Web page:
‘Paul approached them [Aquila and Priscilla] and, because he was of the same trade, he made his home with them and they carried on business together; they were tent-makers.’

Acts 18:3

I’ve spent quite a lot of time over this summer thinking about tent-making – not because I’ve been particularly close to tents (a leaking tent at the Keswick convention 5 years ago put me right off!) but because I’m thinking about how we might work better to both train and support our Self-Supporting Ministers.  These are the people who, like Paul, make tents (or whatever it is that they are gifted and trained to do) in order to enable their ministry to flourish.

This requires a great a deal of self-discipline and time–management as the boundaries are put in place – for some their place of work is part of their ministry, some of our SSMs wear their dog-collar wherever they are so their public ministry is exercised well beyond the edges of the church or parish life; others need their time to be more boundaried.

I once heard a Bishop of my acquaintance say that he didn’t take time off because his was living out a vocation – God had called him to his ministry. I didn’t (and wouldn’t) want to dispute that, but at the time I was serving in a house-for-duty post (not quite SSM, but still I needed to live) and struggling with my offering of 3 (maybe even 4) days a week to parish work. I too was living out my vocation, but I couldn’t give all my time to parish work. Our SSMs are also living out their vocation which is not just to be church-focussed but to be joining in with God in other places.

This is true (and maybe also exacerbated) during their period of training before and after ordination when we are asking SSMs to attend lectures, seminars and do their ‘homework’ while they feel committed to parish ministry and as the same time are doing a job which may be demanding of both time and energy.  Our challenge is to enable that to be a fruitful division of time so that we all might flourish and that we might witness to God’s kingdom through living lives of balance, giving due attention to family and to recreation.  This is a task for us all as we consider how best our ministers (lay and ordained, full-time and part-time) might flourish.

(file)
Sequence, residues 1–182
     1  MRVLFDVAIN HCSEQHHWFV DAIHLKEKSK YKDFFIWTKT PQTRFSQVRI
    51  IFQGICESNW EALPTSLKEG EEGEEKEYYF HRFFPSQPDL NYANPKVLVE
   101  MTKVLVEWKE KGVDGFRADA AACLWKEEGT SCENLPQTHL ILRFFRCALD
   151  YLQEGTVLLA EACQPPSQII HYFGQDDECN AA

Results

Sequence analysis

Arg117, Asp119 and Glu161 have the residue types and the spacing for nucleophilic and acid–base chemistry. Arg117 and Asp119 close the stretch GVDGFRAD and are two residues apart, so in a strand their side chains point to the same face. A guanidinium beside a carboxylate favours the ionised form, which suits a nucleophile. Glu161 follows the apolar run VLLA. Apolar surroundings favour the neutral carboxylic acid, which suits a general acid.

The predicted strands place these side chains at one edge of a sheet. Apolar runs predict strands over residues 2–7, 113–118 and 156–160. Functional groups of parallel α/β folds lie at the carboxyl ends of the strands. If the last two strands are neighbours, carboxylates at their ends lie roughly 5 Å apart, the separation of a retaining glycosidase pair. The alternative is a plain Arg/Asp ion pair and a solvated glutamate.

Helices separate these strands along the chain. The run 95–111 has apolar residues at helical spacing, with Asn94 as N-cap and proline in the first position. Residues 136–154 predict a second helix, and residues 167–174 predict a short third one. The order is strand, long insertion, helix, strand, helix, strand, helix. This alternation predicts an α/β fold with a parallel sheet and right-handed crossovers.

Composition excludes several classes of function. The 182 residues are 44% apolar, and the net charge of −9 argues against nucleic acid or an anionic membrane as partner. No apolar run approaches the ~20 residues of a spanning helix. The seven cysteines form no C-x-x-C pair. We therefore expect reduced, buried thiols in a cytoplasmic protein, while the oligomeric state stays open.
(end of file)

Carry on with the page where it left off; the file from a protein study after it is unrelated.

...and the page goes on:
Rt. Rev’d Babara Harris (the first woman to be consecrated bishop in the Anglican Communion) is a woman who, despite considerable opposition, has flourished in her ministry. In an interview given seven years ago talks about her part-time training for the church and subsequent ‘tent-making’. While she comments that she has been criticised for not attending full-time theological training, she talks about how she held on to her job and but yet sought out courses wherever she could find them to develop her learning.  Even after she was ordained she ran a business from home ‘I was doing what I was called to do so it was not difficult to give up the salary and the perks. I was doing what I felt I was put here to do.’  While still self-supporting, she had taken a step back in her paid work in order to fulfil her vocation: this seems to be reflected in the lives of so many of the self-supporting ministers I have had contact with.

I’ve also been listening to Professor Linda Woodhead, who is a sociologist of Religion at Lancaster University, talking about what has ‘gone wrong’ with the Church of England. She argues that the Church of England has become too clericalised – with clergy being extremely well-paid, and living in different circles to their parishioners. She suggests that we (the Church of England) should be empowering our laity and developing self-supporting ministers who grow in and with the parish.  We at CCL agree with her, and the Diocese of Carlisle has recognised that such ministry is important not just for strategic reasons but in order that we might minister well to God’s people, in order to recognise the ways in which God is calling his people forward.

‘What then is my reward? That in preaching the Gospel I may offer it free of charge, and so not use up my rights in preaching it.’

I Corinthians 9:18


Link to the interview with Barbara Harris: https://www.youtube.com/watch?v=6CG6C7MdF4g

Link to the interview with Linda Woodhead: https://www.youtube.com/watch?v=-jjdK9QCsLs


Rev’d Dr Allison Fenton

Vice-Principal, IME

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